Chapter 10 of Charles Ryrie’s book Balancing The Christian Life is entitled “Routine Faithfulness.”1 Those two words belong together. Conferences, retreats, concerts, and workshops make faithfulness easy. When away attending a special event you don’t have to think about the bills needing to be paid, the car needing to be fixed, the relationships that needs mending, and the problems you need to confront.
Holidays are similar. Special days are, well, special. They are unique, unusual. No homework or going to work. But then comes Monday when the routine returns.
Jan Struther, author of Mrs. Miniver, once remarked how relieved she was when the holidays were over. She so enjoyed her “everyday life” that she was afraid a holiday would make it difficult for her to get that life back.
In a letter to his good friend Dom Bede Griffiths (April 16, 1940), C. S. Lewis shares a comment he made to a classroom of Christian undergraduates. He told them:
“A man who is eating or lying with his wife while preparing to go to sleep, in humility, thankfulness, and temperance, is, by Christian standards, in an infinitely higher state than one who is listening to Bach or reading Plato in the state of pride.”2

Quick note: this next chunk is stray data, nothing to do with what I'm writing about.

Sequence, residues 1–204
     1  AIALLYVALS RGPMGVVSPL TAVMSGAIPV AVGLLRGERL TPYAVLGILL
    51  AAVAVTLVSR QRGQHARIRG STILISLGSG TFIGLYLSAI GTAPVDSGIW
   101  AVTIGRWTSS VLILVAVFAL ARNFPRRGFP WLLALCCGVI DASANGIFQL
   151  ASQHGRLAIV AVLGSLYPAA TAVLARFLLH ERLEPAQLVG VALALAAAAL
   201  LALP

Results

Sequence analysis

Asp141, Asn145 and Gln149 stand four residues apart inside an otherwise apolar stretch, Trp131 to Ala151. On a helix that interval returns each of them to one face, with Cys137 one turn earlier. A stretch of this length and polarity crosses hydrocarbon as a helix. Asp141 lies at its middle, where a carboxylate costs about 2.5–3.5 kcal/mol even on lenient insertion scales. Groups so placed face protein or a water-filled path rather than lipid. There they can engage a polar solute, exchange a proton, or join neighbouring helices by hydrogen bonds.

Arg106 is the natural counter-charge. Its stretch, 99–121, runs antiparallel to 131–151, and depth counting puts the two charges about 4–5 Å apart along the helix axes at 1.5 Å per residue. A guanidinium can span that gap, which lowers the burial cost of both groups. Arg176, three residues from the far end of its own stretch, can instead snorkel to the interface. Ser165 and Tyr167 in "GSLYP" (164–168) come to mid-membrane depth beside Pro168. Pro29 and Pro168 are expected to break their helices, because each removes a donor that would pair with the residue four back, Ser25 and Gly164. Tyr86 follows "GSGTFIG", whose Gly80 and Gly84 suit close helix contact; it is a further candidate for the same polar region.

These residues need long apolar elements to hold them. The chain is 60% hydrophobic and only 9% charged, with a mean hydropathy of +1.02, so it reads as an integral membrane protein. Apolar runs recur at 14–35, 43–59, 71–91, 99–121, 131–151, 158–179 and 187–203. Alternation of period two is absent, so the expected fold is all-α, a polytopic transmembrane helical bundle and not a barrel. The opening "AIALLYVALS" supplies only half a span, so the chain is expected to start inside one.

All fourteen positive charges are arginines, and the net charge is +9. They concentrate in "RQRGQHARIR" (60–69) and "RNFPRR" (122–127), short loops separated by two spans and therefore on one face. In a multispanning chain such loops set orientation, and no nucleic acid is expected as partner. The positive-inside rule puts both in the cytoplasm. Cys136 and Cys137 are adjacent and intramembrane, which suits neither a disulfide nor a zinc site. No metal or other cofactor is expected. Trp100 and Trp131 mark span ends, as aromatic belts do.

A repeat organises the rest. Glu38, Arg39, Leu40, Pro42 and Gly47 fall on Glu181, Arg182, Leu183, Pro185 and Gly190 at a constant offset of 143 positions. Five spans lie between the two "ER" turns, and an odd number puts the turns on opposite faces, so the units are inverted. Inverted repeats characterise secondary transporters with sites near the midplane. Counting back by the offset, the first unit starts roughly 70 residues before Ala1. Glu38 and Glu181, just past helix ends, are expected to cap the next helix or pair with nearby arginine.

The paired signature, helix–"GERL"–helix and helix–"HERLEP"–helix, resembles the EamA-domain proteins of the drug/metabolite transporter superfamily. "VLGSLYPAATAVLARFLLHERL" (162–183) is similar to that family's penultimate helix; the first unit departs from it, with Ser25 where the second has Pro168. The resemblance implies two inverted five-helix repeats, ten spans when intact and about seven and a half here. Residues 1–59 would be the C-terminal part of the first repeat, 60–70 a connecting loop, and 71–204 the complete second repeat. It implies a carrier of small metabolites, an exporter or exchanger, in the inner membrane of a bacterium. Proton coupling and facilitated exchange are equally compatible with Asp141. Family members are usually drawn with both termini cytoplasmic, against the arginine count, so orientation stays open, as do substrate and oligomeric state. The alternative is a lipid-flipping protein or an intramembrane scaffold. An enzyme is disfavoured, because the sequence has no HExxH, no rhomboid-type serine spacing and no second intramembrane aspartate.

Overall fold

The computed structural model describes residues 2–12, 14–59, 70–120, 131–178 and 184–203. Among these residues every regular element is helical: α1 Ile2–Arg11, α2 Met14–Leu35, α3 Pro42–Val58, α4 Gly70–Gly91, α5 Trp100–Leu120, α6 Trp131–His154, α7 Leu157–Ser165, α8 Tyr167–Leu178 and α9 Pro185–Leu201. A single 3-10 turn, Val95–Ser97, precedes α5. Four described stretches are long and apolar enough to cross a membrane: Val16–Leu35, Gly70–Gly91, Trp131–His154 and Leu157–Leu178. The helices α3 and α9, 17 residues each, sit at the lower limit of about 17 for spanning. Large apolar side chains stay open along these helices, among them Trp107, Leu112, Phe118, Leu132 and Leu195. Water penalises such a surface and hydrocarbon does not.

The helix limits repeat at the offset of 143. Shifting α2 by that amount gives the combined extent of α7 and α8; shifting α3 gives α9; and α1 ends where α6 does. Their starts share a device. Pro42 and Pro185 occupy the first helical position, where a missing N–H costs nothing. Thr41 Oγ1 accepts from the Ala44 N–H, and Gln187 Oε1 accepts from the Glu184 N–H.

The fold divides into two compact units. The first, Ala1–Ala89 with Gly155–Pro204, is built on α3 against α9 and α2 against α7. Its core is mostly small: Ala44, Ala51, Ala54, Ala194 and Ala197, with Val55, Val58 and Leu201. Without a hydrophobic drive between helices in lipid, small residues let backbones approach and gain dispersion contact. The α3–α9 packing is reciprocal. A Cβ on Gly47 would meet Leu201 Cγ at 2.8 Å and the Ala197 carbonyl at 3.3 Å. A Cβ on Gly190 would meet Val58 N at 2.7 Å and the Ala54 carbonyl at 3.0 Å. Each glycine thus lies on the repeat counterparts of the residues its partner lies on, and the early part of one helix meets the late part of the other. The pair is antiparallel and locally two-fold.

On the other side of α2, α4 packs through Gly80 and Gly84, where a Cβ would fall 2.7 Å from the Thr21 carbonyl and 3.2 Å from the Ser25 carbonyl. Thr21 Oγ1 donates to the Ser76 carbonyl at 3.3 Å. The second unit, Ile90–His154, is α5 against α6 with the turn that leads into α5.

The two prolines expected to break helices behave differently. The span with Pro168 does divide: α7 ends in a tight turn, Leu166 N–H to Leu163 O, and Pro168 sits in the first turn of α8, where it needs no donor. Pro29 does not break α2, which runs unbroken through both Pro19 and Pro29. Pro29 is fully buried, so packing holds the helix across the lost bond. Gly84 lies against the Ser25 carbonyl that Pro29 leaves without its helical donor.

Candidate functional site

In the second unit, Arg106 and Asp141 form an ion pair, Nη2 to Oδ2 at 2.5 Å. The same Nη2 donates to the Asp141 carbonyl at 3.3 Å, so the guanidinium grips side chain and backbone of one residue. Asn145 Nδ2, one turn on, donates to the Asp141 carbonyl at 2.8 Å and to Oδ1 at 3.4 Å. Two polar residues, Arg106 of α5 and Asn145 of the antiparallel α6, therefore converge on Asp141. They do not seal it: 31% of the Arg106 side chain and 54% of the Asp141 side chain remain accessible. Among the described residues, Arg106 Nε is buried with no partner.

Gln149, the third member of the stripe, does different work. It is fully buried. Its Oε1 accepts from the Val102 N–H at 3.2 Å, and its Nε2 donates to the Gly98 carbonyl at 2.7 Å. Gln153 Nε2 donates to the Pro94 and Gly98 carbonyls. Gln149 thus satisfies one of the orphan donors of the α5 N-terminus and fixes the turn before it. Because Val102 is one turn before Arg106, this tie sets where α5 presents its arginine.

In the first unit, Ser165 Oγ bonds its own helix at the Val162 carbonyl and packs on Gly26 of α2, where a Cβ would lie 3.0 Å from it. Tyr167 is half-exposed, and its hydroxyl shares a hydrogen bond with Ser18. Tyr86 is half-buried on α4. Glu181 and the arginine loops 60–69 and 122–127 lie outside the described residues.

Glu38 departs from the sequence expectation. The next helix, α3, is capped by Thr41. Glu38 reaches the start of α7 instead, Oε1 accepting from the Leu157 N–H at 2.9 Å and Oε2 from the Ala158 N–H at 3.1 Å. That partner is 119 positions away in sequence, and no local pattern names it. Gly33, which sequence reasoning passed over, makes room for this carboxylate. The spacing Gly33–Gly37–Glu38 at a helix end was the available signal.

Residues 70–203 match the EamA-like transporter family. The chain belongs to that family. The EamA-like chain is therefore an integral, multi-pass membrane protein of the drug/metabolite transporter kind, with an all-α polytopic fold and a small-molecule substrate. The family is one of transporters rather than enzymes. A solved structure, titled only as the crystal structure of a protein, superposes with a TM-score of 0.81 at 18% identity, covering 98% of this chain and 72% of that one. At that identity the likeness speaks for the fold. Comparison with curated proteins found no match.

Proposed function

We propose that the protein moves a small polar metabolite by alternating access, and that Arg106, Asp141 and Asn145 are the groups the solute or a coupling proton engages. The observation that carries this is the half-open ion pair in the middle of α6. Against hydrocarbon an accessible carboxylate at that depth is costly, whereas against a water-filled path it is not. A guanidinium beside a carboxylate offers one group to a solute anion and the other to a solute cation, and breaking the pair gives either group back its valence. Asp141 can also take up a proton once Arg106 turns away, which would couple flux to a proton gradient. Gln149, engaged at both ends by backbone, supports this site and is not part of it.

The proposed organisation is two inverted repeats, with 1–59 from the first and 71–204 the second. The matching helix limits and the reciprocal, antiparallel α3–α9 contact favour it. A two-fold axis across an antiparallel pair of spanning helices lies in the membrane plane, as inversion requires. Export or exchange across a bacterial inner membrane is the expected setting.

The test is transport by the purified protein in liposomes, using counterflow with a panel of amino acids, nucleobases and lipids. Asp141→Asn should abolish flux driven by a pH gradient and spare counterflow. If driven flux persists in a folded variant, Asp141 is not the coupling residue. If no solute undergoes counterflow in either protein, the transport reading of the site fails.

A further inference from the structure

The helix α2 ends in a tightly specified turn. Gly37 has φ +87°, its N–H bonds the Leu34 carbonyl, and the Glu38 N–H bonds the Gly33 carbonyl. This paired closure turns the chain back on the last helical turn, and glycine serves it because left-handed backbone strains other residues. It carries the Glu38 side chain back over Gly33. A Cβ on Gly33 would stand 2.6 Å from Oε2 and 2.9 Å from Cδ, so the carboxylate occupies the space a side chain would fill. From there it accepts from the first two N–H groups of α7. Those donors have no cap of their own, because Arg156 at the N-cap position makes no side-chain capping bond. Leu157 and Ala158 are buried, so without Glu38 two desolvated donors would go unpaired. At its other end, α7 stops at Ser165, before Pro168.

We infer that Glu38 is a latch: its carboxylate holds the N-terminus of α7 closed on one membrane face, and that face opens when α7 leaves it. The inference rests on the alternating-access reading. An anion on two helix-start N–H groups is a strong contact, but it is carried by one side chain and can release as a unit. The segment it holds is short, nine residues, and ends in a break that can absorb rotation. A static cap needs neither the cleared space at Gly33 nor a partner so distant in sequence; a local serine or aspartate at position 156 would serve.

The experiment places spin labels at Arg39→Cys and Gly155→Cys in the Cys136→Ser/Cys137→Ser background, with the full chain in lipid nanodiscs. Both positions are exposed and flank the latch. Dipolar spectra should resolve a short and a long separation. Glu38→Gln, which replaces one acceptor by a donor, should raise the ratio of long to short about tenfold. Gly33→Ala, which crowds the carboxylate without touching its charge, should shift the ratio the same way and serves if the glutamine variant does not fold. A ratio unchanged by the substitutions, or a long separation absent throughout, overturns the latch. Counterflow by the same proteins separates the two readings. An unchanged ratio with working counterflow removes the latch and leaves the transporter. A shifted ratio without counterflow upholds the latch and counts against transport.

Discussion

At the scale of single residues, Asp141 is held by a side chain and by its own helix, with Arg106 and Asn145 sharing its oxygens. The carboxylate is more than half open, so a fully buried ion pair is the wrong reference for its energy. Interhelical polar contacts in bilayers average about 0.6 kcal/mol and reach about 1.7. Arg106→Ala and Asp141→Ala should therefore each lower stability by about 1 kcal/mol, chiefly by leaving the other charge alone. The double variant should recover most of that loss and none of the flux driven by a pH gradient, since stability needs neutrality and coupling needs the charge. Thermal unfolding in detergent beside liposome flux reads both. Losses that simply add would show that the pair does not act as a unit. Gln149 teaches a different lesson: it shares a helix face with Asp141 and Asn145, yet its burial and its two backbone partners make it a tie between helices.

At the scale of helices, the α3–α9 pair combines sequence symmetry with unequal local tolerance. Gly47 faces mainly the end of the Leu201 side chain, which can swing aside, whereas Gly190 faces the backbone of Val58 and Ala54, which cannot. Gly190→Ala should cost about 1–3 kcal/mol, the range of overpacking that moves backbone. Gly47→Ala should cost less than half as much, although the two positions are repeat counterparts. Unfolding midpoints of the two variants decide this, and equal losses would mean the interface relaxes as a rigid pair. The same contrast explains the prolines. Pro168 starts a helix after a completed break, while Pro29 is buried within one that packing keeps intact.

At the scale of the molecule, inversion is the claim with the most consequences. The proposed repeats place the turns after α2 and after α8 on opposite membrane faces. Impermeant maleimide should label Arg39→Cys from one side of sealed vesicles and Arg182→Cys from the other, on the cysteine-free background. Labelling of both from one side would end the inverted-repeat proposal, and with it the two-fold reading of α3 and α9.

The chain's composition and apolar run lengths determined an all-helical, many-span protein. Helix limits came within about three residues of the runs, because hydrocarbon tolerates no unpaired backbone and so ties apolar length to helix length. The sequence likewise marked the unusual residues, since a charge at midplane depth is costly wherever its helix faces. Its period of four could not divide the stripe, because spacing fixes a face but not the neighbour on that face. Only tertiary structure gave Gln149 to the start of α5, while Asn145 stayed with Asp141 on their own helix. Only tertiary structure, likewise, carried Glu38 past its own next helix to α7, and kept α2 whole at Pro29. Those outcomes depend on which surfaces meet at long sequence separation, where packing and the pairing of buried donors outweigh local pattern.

I don’t know about anyone else but I find that remark incredibly encouraging.
“Behold, what I have seen to be good and fitting is to eat and drink and find enjoyment in all the toil with which one toils under the sun the few days of his life that God has given him, for this is his lot.” – Ecclesiastes 5:18.
1. Charles Ryrie, Balancing The Christian Life (Chicago: Moody Press, 1969), 102.
2. Walter Hooper, ed., The Collected Letters of C. S. Lewis: Books, Broadcasts, and the War 1931-1949, Vol. II (New York: HarperSanFrancisco, 2004), 391.